Gamma-Aminobutyric acid

Gamma-Aminobutyric acid
Image of Gamma-Aminobutyric acid | C4H9NO2 | Supreme Pharmavet
Chemical FormulaC4H9NO2
Molecular weight103.121 g/mol
Names and Identifiers
PubChem Link
Traditional Namegamma-Aminobutyric acid, γ-aminobutyric acid, GABA
CAS Registry Number56-12-2


gamma-Aminobutyric acid, or γ-aminobutyric acid, or GABA, is the chief inhibitory neurotransmitter in the mammalian central nervous system. Its principal role is reducing neuronal excitability throughout the nervous system. In humans, GABA is also directly responsible for the regulation of muscle tone.

Neurons that produce GABA as their output are called GABAergic neurons, and have chiefly inhibitory action at receptors in the adult vertebrate. Medium spiny cells are a typical example of inhibitory central nervous system GABAergic cells. In contrast, GABA exhibits both excitatory and inhibitory actions in insects, mediating muscle activation at synapses between nerves and muscle cells, and also the stimulation of certain glands. In mammals, some GABAergic neurons, such as chandelier cells, are also able to excite their glutamatergic counterparts.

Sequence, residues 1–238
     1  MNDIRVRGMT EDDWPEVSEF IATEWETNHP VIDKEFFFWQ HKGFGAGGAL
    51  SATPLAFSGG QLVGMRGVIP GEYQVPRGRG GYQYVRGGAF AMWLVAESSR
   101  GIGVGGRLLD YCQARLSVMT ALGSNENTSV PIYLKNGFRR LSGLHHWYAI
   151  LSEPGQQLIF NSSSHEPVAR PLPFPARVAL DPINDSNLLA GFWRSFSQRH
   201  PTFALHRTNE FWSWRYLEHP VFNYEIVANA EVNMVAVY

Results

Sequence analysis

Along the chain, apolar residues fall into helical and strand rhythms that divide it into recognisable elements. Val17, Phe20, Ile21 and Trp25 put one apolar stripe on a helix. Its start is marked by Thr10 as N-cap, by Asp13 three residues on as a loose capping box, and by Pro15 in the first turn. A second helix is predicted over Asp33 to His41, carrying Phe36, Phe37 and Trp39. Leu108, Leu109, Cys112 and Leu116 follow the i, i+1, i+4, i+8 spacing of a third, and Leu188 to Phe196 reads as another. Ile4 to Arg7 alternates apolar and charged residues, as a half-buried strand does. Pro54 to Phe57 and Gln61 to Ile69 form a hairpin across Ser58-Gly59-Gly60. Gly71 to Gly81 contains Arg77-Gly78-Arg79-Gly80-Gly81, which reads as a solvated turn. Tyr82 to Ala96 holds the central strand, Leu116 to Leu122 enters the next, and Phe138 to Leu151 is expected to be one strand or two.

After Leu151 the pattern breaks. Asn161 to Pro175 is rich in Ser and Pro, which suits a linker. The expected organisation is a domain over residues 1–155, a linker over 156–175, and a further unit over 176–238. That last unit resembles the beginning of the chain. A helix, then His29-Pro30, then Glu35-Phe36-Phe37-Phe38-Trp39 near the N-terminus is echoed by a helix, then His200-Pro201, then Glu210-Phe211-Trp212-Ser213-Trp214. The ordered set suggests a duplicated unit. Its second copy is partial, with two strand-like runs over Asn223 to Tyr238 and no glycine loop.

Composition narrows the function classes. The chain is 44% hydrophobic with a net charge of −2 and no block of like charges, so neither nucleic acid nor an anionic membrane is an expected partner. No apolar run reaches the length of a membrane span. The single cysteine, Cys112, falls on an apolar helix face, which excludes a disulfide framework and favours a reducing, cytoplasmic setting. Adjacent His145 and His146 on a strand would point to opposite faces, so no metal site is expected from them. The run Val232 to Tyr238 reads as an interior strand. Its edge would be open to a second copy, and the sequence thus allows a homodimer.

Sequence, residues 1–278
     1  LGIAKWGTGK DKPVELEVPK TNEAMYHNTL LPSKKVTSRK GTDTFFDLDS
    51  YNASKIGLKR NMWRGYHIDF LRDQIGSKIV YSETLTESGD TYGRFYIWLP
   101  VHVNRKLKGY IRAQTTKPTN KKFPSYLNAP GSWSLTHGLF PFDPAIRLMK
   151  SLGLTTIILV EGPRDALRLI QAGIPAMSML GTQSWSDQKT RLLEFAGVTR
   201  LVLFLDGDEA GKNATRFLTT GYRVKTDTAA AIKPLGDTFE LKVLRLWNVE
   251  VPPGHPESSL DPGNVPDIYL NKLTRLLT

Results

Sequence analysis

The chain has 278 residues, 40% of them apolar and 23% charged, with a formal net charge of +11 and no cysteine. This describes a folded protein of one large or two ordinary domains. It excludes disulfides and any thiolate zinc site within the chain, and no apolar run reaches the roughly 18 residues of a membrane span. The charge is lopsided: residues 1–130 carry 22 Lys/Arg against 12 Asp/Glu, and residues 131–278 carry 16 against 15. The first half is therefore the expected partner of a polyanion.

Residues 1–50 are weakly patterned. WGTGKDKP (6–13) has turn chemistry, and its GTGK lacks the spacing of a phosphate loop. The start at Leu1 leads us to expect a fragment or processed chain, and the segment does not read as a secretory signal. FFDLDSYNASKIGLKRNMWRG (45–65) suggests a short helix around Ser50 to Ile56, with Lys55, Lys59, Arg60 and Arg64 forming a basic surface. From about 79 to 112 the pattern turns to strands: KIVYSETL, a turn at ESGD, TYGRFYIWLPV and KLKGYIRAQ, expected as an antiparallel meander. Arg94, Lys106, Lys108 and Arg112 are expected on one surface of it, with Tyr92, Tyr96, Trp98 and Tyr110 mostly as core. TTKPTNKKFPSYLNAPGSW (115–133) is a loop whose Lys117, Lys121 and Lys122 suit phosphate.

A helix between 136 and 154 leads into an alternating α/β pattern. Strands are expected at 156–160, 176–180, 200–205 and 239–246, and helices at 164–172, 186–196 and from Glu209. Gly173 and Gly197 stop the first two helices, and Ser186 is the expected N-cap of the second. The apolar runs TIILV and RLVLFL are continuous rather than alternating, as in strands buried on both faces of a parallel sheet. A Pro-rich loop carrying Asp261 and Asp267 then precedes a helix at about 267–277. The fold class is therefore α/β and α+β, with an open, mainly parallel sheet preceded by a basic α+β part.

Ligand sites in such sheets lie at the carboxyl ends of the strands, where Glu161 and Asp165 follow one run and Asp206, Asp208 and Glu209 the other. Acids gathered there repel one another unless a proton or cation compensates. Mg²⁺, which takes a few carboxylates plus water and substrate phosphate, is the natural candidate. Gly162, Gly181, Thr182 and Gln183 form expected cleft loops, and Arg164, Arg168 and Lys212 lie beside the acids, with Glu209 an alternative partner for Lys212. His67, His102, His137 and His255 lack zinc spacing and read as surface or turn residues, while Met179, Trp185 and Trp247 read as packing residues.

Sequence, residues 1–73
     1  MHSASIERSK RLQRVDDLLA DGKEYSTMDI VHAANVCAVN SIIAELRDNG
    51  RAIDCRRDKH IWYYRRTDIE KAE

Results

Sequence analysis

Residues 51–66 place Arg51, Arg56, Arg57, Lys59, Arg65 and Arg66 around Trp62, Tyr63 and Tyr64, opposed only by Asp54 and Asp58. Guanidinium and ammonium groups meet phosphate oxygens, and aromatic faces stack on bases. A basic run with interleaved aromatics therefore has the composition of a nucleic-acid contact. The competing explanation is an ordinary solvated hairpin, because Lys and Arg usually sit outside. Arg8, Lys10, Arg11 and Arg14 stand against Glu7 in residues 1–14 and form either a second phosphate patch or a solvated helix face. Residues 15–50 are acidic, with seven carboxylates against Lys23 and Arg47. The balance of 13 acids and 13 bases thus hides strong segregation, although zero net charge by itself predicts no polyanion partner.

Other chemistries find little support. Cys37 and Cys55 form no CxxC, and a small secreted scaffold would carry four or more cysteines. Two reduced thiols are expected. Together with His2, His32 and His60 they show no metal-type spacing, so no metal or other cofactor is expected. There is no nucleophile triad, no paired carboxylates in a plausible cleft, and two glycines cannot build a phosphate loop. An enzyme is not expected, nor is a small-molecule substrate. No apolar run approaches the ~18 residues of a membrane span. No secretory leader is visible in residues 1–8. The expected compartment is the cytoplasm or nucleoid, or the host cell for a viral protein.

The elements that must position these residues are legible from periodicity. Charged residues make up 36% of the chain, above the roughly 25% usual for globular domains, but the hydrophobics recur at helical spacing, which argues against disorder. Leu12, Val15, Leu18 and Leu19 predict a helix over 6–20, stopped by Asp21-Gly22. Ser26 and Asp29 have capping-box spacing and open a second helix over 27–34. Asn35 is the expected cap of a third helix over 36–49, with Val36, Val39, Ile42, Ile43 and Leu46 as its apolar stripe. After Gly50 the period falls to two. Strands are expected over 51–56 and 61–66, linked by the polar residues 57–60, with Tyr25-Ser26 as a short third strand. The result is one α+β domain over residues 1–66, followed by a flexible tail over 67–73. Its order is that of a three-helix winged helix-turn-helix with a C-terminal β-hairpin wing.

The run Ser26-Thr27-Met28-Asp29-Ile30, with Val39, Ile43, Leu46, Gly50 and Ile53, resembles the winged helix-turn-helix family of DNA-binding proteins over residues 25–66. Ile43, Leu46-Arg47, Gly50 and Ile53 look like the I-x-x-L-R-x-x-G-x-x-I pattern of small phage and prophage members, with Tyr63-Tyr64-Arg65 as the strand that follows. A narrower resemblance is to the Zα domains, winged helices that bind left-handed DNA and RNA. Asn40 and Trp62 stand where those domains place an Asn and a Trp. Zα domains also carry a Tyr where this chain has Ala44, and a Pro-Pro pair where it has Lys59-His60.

GABAA receptors are ligand-activated chloride channels: when activated by GABA, they allow the flow of chloride ions across the membrane of the cell. Whether this chloride flow is depolarizing (makes the voltage across the cell’s membrane less negative), shunting (has no effect on the cell’s membrane potential), or inhibitory/hyperpolarizing (makes the cell’s membrane more negative) depends on the direction of the flow of chloride. When net chloride flows out of the cell, GABA is depolarising; when chloride flows into the cell, GABA is inhibitory or hyperpolarizing. When the net flow of chloride is close to zero, the action of GABA is shunting. Shunting inhibition has no direct effect on the membrane potential of the cell; however, it reduces the effect of any coincident synaptic input by reducing the electrical resistance of the cell’s membrane. Shunting inhibition can “override” the excitatory effect of depolarising GABA, resulting in overall inhibition even if the membrane potential becomes less negative. It was thought that a developmental switch in the molecular machinery controlling the concentration of chloride inside the cell changes the functional role of GABA between neonatal and adult stages. As the brain develops into adulthood, GABA’s role changes from excitatory to inhibitory.

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